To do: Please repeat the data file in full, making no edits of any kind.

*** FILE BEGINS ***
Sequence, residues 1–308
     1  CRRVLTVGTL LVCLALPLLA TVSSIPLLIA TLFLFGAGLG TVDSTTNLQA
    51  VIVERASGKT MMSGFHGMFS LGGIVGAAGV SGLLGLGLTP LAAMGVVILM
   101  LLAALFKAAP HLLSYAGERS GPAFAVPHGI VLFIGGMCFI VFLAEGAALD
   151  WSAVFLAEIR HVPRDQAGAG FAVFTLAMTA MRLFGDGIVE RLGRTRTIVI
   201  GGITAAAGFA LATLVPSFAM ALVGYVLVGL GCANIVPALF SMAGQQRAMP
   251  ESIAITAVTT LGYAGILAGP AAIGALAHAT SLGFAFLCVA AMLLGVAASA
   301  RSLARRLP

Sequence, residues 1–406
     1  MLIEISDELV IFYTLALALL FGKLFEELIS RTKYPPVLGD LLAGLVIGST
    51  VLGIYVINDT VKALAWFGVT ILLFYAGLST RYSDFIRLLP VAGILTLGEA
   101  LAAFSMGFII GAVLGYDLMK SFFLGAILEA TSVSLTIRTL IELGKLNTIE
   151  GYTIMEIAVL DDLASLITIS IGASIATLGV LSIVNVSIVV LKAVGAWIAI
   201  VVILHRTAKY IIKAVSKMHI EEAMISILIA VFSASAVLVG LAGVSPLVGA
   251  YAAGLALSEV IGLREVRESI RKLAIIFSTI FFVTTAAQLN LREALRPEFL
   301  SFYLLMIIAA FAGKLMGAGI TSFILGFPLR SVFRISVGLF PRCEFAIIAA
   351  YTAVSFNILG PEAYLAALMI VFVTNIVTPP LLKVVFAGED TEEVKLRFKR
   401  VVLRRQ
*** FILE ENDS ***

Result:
Sequence, residues 1–308
     1  CRRVLTVGTL LVCLALPLLA TVSSIPLLIA TLFLFGAGLG TVDSTTNLQA
    51  VIVERASGKT MMSGFHGMFS LGGIVGAAGV SGLLGLGLTP LAAMGVVILM
   101  LLAALFKAAP HLLSYAGERS GPAFAVPHGI VLFIGGMCFI VFLAEGAALD
   151  WSAVFLAEIR HVPRDQAGAG FAVFTLAMTA MRLFGDGIVE RLGRTRTIVI
   201  GGITAAAGFA LATLVPSFAM ALVGYVLVGL GCANIVPALF SMAGQQRAMP
   251  ESIAITAVTT LGYAGILAGP AAIGALAHAT SLGFAFLCVA AMLLGVAASA
   301  RSLARRLP

Sequence, residues 1–406
     1  MLIEISDELV IFYTLALALL FGKLFEELIS RTKYPPVLGD LLAGLVIGST
    51  VLGIYVINDT VKALAWFGVT ILLFYAGLST RYSDFIRLLP VAGILTLGEA
   101  LAAFSMGFII GAVLGYDLMK SFFLGAILEA TSVSLTIRTL IELGKLNTIE
   151  GYTIMEIAVL DDLASLITIS IGASIATLGV LSIVNVSIVV LKAVGAWIAI
   201  VVILHRTAKY IIKAVSKMHI EEAMISILIA VFSASAVLVG LAGVSPLVGA
   251  YAAGLALSEV IGLREVRESI RKLAIIFSTI FFVTTAAQLN LREALRPEFL
   301  SFYLLMIIAA FAGKLMGAGI TSFILGFPLR SVFRISVGLF PRCEFAIIAA
   351  YTAVSFNILG PEAYLAALMI VFVTNIVTPP LLKVVFAGED TEEVKLRFKR
   401  VVLRRQ